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Stalemate in Washington may dent Wall Street profits, report warns

Traders work the floor on the NYSE the first day of the government shutdown.
Adam Jeffery | CNBC
Traders work the floor on the NYSE the first day of the government shutdown.

As the end of the year approaches, Wall Street employees and those who watch New York State's coffers keep a close eye on just how much reward will be reaped by financial firm employees.

If the latest state report is accurate, this quarter may dash the hopes of many who are looking for a banner year.

Thomas P. DiNapoli, the comptroller for New York State, warned in a report on Tuesday that political gridlock in Washington could put pressure on Wall Street earnings in the second half of the year.

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Strong Wall Street earnings have been a boon to the state's finances, and the industry looked poised to match 2012 earnings earlier this year, after bringing in $10.1 billion in the first half of 2013.

But while 2012 turned out to be the third most lucrative year on record for Wall Street – and for the state, which collected $3.8 billion in taxes from the industry – the second part of this year could turn out to be disappointing.

"Failure to resolve the federal budget and debt ceiling impasse could disrupt the economy and hurt New York City and New York State," Mr. DiNapoli said.

After two years of record losses in 2007 and 2008, the securities industry was finally showing some firmer footing. It had four years of profitability fueled by low interest rates, including three years with the highest profits on record, as measured by broker-dealer profits of the member firms of the New York Stock Exchange, the comptroller's report said.

Yet now, there are some negative indications on the horizon. Even before the shutdown, Wall Street earnings in the third quarter were hurt by concerns about interest rates and other monetary policies.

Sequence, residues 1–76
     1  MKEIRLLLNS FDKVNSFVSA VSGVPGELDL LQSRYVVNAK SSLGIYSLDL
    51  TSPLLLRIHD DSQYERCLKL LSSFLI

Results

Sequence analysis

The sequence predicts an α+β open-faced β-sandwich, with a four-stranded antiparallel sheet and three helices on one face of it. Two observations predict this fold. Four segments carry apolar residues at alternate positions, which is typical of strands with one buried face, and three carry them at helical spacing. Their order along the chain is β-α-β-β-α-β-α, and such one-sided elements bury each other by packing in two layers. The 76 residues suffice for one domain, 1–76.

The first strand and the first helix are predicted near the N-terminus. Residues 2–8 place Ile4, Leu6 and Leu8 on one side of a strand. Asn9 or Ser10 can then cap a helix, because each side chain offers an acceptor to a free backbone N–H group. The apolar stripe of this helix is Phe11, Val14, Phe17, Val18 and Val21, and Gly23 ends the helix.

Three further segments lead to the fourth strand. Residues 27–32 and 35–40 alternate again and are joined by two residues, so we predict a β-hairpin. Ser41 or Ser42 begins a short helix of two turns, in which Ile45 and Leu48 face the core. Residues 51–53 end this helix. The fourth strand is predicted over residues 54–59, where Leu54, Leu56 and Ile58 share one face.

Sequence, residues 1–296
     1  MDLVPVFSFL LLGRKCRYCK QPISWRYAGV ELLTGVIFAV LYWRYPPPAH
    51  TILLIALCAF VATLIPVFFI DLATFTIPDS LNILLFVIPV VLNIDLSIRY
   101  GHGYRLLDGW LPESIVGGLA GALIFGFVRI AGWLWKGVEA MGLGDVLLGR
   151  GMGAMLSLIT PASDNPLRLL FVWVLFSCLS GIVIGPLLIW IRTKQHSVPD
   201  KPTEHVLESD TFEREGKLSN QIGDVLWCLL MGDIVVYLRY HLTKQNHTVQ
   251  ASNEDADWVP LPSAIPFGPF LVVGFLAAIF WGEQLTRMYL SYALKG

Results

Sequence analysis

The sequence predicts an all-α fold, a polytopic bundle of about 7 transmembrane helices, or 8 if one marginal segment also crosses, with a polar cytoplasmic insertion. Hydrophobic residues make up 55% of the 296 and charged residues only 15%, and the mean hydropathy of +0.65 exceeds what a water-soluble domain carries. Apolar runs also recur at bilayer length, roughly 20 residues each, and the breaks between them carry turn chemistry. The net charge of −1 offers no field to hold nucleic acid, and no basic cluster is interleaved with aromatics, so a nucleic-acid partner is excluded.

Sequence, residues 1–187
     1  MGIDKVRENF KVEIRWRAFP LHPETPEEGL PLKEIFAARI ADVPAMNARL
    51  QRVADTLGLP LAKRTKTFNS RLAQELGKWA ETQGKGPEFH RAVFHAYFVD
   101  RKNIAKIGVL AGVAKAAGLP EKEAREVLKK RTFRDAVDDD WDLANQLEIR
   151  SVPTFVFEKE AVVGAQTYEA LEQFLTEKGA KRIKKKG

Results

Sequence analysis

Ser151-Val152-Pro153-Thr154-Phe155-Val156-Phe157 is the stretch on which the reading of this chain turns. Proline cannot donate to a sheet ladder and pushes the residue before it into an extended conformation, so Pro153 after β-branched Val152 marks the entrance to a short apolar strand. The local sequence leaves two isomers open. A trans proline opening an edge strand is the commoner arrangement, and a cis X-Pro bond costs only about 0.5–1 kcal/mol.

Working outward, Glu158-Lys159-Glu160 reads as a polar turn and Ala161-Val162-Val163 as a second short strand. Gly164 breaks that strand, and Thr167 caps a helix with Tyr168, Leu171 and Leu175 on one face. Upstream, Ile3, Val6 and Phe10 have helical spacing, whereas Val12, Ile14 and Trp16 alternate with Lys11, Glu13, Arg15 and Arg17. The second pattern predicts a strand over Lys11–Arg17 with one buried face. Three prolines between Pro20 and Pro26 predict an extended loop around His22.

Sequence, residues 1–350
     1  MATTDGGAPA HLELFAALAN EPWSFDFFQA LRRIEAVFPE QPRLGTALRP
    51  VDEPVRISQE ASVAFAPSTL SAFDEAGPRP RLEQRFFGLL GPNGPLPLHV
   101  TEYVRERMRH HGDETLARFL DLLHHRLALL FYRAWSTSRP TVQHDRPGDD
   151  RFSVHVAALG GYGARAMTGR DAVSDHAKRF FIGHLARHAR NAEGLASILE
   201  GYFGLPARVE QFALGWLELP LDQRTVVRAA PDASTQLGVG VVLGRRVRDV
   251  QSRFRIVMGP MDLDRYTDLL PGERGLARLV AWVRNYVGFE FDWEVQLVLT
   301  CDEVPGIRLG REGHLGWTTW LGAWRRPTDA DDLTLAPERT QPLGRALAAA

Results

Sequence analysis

Faced with new regulatory burdens and smaller returns in some business segments, Wall Street firms have had to scale back since the financial crisis. But rather than trim compensation, many firms have cut jobs in less lucrative businesses.

Average compensation, including bonus payments, has jumped to $360,700, the highest level for any year before the financial crisis with the exception of 2007. At the same time, the number of Wall Street jobs has shrunk 13.5 percent since 2007, the comptroller's report said.

(Read more: Budget battle's bite out of economy may cost billions)

For many firms, the cuts will continue this season and are likely to be largely concentrated in the trading desks where returns are slower and the risks are higher.

"There are going to be haves and have-nots this year," said Brad Hintz, an analyst at Sanford C. Bernstein.

Many of those who will see fatter paychecks will be employees on the investment banking side, where business can be lucrative and the pipeline for mergers and acquisitions is looking strong.

"How many mergers and acquisitions you have closed at the year-end will determine whether you are a have or a have-not," Mr. Hintz added.

In recent days, Wall Street firms, including Citigroup, JPMorgan Chase, Goldman Sachs and Morgan Stanley, all reported a sharp squeeze in fixed-income trading revenue as investors held tight to their positions in anticipation of a decision by the Federal Reserve to pare back its $85 billion-a-month bond-buying program.

The effect was most felt at Goldman Sachs, which said revenue dropped 44 percent in its bond, currency and commodity trading desk, prompting it to sharply reduce its pay and bonus pot.

The challenge in the next quarter will be for Wall Street to battle any lingering effects of a political impasse in Washington, which led to a 16-day partial government shutdown.

Ruth Porat, Morgan Stanley's chief financial officer, said last week that the biggest headwind for the economy and the markets would be continuing political uncertainty. For Morgan Stanley, the biggest worry is that the shutdown will hurt merger and acquisition deals that are still in the works.

Alan Johnson, managing director of Johnson Associates, said he also expected compensation as a percentage of total revenue to be down slightly this year across Wall Street firms.

"These banks are no longer the highest payers – we're no longer talking about the masters of the universe," Mr. Johnson said.

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